In order to illustrate the importance of domain shrinkage we incorporate elemental death into the model of domain growth and also consider a pure domain shrinkage model (see Figure 4). The infinitesimal moments required to populate the Fokker-Planck equation can be found by generalising the moment generating function approach to birth-death processes.
Figure 4: A comparison, at different times, of the expected occupancy of tracer particles on (a) a domain growing exponentially with constant birth and death rates, b > d (b) an exponentially shrinking domain with constant death rate, d. Figure descriptions and initial conditions for (a) are as in Fig. 3. For (b) the initial number of domain elements is 600, each of length Δ= ½, with tracer particles initially between 150 ≤ x ≤ 200. Note that for (b), the time arrow is in the opposite direction.
Our generalised method allows the analytical derivation of the associated drift and diffusion coefficients for any time-dependent growth rate in the individual-based model. In addition, we have incorporated the possibility of elemental death into the individual-based model and derived the coefficients of the corresponding PDE for these general time-dependent birth and death rates. This approach highlights that a process in which both elemental birth and death occur cannot simply be approximated by a birth-only process with the reduced net growth rate since, although the drift coefficient may be correct, the diffusion coefficient will not be. Clearly, in situations in which the net birth rate is negative a simple birth process will not suffice.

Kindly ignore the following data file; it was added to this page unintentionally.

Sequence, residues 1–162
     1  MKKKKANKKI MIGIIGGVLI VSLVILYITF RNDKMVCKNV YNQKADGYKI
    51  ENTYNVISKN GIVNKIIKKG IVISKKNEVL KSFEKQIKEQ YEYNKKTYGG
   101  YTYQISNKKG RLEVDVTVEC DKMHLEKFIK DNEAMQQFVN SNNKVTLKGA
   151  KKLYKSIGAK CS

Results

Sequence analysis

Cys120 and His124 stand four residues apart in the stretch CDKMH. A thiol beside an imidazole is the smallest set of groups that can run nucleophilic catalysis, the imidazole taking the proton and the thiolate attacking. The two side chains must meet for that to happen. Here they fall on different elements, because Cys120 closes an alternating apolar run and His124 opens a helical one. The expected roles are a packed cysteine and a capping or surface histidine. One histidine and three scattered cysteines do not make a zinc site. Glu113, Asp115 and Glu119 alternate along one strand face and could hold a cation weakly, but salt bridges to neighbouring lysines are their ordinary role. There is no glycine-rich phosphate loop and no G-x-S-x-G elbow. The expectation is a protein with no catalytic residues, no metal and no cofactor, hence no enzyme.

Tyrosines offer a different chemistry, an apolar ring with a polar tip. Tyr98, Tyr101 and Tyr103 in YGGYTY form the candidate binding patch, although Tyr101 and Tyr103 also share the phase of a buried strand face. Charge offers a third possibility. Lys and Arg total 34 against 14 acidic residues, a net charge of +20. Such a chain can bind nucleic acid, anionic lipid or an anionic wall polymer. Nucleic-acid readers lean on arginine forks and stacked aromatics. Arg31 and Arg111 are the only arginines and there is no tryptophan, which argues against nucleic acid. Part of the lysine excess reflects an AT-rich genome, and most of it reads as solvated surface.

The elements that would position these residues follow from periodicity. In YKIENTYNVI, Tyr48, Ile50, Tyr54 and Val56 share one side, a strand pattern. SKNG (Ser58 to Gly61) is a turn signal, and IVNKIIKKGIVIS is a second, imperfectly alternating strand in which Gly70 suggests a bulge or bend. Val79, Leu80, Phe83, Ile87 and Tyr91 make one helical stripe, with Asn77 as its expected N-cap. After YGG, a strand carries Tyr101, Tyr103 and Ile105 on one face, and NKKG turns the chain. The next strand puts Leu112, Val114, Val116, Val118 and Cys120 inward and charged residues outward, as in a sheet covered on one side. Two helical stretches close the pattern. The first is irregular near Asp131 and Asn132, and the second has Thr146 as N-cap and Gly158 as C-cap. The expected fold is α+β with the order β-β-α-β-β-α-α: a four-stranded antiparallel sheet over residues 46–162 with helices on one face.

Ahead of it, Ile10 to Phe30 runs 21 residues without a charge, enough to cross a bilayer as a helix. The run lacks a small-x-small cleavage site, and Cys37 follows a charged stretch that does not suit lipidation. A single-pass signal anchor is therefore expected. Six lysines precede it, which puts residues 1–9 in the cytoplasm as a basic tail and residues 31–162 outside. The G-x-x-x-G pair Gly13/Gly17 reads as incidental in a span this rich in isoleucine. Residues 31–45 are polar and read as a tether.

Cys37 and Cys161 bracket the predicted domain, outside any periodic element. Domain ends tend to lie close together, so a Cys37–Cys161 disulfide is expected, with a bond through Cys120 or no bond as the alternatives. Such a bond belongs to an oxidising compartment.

For representative examples of our pure-birth, birth-death and pure-death processes we have carried out numerical simulations which contrast the expected tracer density in the individual-level model with the solution of the continuous PDE model and we see good agreement in each case.
As yet we have considered only the relatively straight-forward case of uniformly growing domains in which each element is selected to proliferate or die with equal probability. It is not immediately evident what effect, allowing anisotropic element proliferation will have on the corresponding drift and diffusion coefficients. A further challenge will lie in the adaptation of these methods to multivariate diffusion processes which will correspond to higher dimensional PDEs. Since tissue growth is an important factor in the transport of cells across the domain, and often does not occur uniaxially or uniformly, these extensions will constitute an important step forward in our ability to model cell migration effectively at both and individual and collective level.